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Digital archive of theses discussed at the University of Pisa


Thesis etd-01062022-202945

Thesis type
Tesi di laurea magistrale
email address
p.suin@studenti.unipi.it, paolo.suin@gmail.com
Thesis title
Environmental Effects on the Dynamical Evolution of Star Clusters in Turbulent Molecular Clouds
Course of study
relatore Shore, Steven Neil
correlatore Pavlik, Vaclav
  • Cluster Dynamics
  • core collapse
  • N-body
  • Numerical Codes
  • SPH simulation
  • Turbulence
Graduation session start date
There has been a growing interest in the community working on star formation and early evolution on the interaction between
clusters and their embedding nascent environment. Since such systems are born in dense giant gaseous structures, any study of clusters
as if they are isolated from the beginning (classical $N$-body analyses) may be too serious a simplification of their dynamical evolution.
By creating a fluctuating tidal potential, turbulent dense structures passing nearby
are going to perturb the cluster, injecting energy into the system and removing
less bound stars.
By creating a fluctuating tidal potential, turbulent dense structures passing nearby are going to perturb the cluster, injecting energy into the system and removing less bound stars. Physical modelling of this effect has become possible numerically only recently thanks the growth of computational power and new algorithmic environments.

In this work, we studied the interplay of the internal cluster stellar dynamics and the external perturbations caused by the medium in which they originated using modern numerical techniques, computational tools available within the Astrophysical Multipurpose Software Environment
(AMUSE Portegies Zwart et al., 2010). We coupled an $N$-body code (PeTar; Wang et al., 2020) and a smoothed particles hydrodynamics code (Gadget-2; Springel, 2005) to conduct a series of simulations in which both the dynamical evolution of the cluster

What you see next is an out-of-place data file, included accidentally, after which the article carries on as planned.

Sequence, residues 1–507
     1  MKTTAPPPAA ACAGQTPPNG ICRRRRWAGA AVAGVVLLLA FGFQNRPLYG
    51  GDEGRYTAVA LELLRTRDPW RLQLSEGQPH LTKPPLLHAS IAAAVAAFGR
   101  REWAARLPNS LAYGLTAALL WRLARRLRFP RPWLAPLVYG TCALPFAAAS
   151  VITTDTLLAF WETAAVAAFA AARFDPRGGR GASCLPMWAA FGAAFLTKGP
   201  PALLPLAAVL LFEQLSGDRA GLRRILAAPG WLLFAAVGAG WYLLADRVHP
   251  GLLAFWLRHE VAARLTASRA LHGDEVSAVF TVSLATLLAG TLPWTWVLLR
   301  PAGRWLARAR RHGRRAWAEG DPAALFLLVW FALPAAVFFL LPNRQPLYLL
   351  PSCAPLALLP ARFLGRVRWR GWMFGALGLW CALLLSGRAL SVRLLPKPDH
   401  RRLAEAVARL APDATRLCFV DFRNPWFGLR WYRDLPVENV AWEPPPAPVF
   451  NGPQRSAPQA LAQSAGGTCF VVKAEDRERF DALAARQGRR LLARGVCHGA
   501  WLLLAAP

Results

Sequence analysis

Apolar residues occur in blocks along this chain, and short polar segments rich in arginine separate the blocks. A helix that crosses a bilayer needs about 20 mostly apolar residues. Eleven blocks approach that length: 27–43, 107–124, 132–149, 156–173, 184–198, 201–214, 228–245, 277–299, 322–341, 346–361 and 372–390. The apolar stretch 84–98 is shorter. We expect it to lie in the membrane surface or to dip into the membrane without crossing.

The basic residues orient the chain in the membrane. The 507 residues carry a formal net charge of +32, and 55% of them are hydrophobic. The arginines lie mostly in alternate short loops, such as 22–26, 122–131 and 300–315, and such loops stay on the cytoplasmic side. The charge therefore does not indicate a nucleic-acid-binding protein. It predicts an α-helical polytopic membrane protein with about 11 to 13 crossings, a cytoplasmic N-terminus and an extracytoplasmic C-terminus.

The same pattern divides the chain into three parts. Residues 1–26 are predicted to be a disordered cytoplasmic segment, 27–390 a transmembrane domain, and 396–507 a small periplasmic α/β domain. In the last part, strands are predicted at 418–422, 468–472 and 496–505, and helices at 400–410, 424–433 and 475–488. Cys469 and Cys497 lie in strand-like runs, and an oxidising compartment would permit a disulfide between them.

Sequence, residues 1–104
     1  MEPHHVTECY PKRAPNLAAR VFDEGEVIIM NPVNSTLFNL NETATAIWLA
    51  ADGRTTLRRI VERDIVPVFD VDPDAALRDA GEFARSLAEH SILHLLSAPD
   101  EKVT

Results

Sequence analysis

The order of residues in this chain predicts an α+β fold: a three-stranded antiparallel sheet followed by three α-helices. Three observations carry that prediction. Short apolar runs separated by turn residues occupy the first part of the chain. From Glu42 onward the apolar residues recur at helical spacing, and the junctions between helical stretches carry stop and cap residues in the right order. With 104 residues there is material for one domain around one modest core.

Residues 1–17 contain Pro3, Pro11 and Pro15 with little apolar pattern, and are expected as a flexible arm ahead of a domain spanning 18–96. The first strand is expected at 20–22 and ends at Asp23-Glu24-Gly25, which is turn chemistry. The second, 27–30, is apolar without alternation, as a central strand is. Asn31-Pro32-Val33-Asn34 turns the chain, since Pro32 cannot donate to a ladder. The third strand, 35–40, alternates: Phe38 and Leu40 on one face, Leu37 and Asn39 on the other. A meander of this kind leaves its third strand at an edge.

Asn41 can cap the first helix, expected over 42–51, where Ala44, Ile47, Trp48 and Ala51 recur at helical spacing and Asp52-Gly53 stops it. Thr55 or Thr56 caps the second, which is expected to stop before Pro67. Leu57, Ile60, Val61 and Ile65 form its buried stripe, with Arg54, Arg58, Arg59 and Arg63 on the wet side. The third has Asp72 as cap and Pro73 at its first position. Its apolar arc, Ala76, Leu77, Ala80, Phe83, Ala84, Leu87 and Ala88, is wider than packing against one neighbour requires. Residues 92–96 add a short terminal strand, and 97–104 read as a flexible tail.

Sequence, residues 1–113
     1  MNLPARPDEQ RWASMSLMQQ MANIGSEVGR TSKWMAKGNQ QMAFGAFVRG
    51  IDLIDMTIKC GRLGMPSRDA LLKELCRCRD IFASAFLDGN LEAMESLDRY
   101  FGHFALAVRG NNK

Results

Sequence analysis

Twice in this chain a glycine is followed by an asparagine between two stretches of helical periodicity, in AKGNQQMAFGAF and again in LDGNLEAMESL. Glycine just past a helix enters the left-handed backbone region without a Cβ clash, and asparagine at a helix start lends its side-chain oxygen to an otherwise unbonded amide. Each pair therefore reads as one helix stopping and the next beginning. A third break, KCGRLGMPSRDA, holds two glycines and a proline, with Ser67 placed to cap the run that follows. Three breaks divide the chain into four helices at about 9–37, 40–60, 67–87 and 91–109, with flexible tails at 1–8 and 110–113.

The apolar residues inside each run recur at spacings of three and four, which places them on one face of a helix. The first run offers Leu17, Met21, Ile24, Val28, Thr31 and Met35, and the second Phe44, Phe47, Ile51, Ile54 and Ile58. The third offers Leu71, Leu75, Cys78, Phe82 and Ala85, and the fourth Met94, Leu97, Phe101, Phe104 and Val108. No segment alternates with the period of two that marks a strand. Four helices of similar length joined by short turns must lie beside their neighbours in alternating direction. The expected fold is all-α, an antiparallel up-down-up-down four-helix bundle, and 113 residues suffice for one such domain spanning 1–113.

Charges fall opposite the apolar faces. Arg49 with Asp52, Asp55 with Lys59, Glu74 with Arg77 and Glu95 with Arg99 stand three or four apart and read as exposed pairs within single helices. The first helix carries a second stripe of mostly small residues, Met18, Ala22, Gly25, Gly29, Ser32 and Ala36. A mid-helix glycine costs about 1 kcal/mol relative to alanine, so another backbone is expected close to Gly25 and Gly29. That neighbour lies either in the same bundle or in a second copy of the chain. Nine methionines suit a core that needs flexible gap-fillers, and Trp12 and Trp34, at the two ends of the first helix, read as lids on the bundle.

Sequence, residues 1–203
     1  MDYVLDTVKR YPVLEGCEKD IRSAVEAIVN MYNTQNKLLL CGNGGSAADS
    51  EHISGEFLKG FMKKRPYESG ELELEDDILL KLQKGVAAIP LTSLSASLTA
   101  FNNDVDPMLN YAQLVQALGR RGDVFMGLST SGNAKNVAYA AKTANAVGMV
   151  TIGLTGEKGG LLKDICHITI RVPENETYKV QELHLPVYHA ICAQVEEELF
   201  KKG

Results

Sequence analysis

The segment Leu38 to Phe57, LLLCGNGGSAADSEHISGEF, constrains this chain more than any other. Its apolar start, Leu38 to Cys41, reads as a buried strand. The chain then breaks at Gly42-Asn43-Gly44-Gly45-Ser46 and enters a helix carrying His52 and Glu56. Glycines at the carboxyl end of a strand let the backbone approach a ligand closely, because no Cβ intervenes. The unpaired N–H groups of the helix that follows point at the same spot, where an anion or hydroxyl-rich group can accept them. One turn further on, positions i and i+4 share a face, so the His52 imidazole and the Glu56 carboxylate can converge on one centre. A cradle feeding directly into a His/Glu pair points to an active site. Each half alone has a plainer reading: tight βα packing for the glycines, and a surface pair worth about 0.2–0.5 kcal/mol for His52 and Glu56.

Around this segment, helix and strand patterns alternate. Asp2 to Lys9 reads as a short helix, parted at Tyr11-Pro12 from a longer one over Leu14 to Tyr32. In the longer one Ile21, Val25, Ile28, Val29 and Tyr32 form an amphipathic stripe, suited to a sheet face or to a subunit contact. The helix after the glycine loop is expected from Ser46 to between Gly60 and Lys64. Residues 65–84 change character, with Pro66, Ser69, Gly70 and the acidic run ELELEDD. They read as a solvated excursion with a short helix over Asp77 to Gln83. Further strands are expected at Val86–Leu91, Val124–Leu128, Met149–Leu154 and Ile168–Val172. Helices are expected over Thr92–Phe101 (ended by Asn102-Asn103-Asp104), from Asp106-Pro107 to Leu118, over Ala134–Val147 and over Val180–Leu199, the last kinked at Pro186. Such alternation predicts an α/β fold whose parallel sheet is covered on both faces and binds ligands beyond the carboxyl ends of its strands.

and the hydrodynamics of the medium were followed simultaneously.
We modelled the gaseous environment as a periodic box, in which a driven
turbulent field was developed according to realistic physical conditions that can
be found in the interstellar medium (ISM). After an in-depth study of the relevant
properties of the medium arising from the pure hydrodynamics simulations, we
introduced a star cluster at the box centre, initialized according to a Plummer (1911)
profile, and let it evolve with the gas. Its initial density and stellar population mass function were varied among the runs to study how these properties affect
the interaction with the environment.
In addition, to isolate the effect of the environmental harassment, we performed control runs of isolated clusters with a mass
function for the stellar dynamics alone and equal mass clusters embedded into the medium
for the harassment.

Comparing our simulations to the control runs, we found that
when both the processes are included, they couple in a complex fashion. Evidence
of the coupling was found studying the mass lost by the cluster throughout the simulations
and the outer density distribution of the cluster. Moreover, in agreement with one of the few published studies of the scenario Gnedin et al. (1999), we found that the tidal field generated by turbulent structures accelerates its internal evolution, and the cluster undergoes
core collapse more rapidly. Finally, we conducted a study of the properties of
the binaries formed after the core collapse. Slight differences were found in their
number and binding energy, showing that tidally forced clusters tend to form more,
but less bound, binary systems. Our statistical analysis was limited by the relatively small number of cases we were able to compute but the results point in a fruitful direction for more complete physical simulations.